Some sweet-toothed state employees were busted by Pennsylvania’s inspector general for skirting the Wolf administration’s gift ban.
Their offense: accepting a plate of holiday cookies.
The cookies, which the inspector general notes were “homemade…and were of nominal value” and were “presented on an ordinary tray and not a basket or other decorative container and were for everyone at the Center and not any specific employees,” were apparently a traditional offering from the owner of a vendor company to their business partners, including one local PennDOT Drivers License Center.
The inspector general cleared the state employees of any wrongdoing — the cookies were not a violation of PennDOT’s gift policy at the time because the policy only banned gifts of “substantial value” — but reminded them of the new statewide gift ban imposed by Gov. Tom Wolf.
That ban, which covers all administration employees as well as state employees in executive branch agencies like PennDOT, supersedes agency-specific gift policies, the inspector general ruled.
Thanks to another policy change from the Wolf administration, the whole incident is now recorded on the Internet.
The investigation into the cookies was one of four reports published by the Office of the Inspector General this week, the first time in state history these audits have been made available online.
“My administration is committed to furthering transparency and accountability in state government and this is another step forward towards that goal,” said Wolf in a statement announcing the policy change.
Inspector General Grayling Williams said publishing the reports online will give taxpayers another glimpse into how his office is working to protect taxpayer money and promote good government.
The reports made available online will be summaries and will not include the names of individuals or businesses. The case of the cookies, for example, withheld the name of the vendor that provided the holiday treats and also did not disclose the location of the PennDOT Drivers License Center where they were delivered.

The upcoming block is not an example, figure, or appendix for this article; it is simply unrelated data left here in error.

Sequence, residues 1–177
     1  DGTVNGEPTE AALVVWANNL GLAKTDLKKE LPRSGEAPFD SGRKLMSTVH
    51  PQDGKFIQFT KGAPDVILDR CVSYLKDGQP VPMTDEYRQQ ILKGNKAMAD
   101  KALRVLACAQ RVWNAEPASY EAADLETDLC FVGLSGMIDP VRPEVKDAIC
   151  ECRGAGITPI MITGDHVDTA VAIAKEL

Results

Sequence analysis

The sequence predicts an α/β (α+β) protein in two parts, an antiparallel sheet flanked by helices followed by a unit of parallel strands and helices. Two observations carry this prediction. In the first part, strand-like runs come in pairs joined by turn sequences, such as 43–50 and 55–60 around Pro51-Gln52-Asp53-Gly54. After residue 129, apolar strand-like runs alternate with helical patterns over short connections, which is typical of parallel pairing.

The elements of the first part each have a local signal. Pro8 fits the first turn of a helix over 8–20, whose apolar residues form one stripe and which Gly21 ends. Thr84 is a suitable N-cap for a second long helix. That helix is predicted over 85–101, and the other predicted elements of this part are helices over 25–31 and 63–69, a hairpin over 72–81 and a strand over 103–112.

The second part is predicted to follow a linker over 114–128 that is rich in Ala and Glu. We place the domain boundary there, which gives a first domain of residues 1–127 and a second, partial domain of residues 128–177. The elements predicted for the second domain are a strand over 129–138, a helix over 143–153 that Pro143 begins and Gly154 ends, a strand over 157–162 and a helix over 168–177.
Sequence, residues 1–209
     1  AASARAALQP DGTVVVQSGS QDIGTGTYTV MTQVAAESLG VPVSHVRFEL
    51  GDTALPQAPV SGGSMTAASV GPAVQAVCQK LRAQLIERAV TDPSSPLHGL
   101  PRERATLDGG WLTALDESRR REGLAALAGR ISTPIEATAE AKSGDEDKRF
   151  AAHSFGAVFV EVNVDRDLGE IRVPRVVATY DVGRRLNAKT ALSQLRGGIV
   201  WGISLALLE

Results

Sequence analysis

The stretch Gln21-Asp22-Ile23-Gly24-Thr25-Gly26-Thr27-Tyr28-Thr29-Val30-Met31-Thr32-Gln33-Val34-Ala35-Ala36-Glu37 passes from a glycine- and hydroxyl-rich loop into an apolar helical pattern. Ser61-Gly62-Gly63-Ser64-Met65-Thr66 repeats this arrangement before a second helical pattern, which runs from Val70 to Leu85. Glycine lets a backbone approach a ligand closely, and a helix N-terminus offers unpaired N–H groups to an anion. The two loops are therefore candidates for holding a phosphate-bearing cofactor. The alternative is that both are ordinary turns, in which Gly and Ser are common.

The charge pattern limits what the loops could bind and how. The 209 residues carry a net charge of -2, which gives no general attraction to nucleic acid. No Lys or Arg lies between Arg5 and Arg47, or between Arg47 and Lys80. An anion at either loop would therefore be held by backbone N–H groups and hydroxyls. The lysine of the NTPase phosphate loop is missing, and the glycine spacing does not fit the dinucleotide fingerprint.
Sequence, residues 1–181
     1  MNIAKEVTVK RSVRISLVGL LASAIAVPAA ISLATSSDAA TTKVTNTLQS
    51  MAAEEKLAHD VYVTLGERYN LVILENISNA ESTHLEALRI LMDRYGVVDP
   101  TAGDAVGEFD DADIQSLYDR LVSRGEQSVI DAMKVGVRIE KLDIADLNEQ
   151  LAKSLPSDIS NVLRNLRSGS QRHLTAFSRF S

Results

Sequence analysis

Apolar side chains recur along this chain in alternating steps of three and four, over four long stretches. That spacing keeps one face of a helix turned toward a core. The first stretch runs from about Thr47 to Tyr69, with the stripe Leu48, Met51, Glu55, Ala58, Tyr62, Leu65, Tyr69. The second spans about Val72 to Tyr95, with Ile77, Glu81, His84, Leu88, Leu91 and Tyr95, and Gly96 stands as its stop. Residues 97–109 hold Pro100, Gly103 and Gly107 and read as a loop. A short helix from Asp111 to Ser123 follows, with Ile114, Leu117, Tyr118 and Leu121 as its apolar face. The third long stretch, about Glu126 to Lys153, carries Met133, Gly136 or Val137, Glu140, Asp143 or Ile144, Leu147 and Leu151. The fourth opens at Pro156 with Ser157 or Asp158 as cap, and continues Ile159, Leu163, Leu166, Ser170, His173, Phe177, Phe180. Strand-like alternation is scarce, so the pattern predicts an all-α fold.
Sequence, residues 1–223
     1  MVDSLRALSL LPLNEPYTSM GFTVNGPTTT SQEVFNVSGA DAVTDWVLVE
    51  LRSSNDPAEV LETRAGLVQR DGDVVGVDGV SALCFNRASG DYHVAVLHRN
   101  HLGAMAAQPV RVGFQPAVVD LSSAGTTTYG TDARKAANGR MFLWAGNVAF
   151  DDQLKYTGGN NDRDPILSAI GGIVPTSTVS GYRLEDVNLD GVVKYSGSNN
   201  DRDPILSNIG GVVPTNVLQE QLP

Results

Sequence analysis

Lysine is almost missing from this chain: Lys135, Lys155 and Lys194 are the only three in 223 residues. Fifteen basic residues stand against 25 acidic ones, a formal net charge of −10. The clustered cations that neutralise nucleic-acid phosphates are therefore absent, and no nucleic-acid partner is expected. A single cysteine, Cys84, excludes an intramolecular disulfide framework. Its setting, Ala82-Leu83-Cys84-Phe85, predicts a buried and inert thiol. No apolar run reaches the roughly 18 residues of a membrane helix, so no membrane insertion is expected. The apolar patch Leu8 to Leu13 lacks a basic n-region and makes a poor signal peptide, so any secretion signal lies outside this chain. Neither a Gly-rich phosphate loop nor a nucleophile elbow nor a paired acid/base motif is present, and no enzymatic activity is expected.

The full reports are available from the Office of the Inspector General, but can only be obtained via a right-to-know request.
Removing names from the online summaries is meant to protect whistleblowers, said Williams.
“Many of our office’s investigations are the result of brave Commonwealth employees and others who come forward with information, and we want future complainants to feel protected,” Williams said.
Eric Epstein, who runs Rock The Capitol and advocates for government reforms, praised the Wolf administration for putting the reports online.
“This is a very positive development, but hopefully the website will be maintained,” he said. “That’s been the snag with other governmental agencies that have tried to be more open and accessible. It’s about timing and accessibility.”
Epstein said withholding the names of whistleblowers makes sense, but those who got busted for violating state policies should be identified and the gift ban should be extended to allow investigations into gift-givers who are attempting to curry favor with state officials.
There’s also bigger fish to catch, he pointed out.
“Let me get this straight: we are going to prosecute cookies but give a free pass to cash handouts to legislators, allow (Pennsylvania Liquor Control Board) executives to golf on state time and ignore pay-to-play shenanigans at the Turnpike,” he said, referring to a string of recent corruption investigations at state agencies. “Talk about half-baked priorities.”
Moments after taking office in January, Wolf signed the executive order prohibiting all employees, appointees and officials in the executive branch from soliciting or accepting gifts from those who seek to influence government. It makes exceptions for gifts from family and friends, bank loans and free participation in gatherings in which officials are acting in their official duties and have been invited.
The executive order will not apply to the General Assembly or the judicial system, though Wolf has pushed for similar bans to be adopted by the other branches of state government. So far, they have not done so, even in the wake of a sting operation that busted several Philadelphia-area lawmakers for accepting bribes offered by an undercover agent of the attorney general’s office in exchange for votes.
As for the PennDOT employees who received the holiday cookies? The report recommends the department hold a training seminar with them to review the Wolf administration’s gift ban and other applicable state policies regarding gifts.
There’s no word on whether that training seminar took place, or — perhaps most importantly — whether cookies were served during it.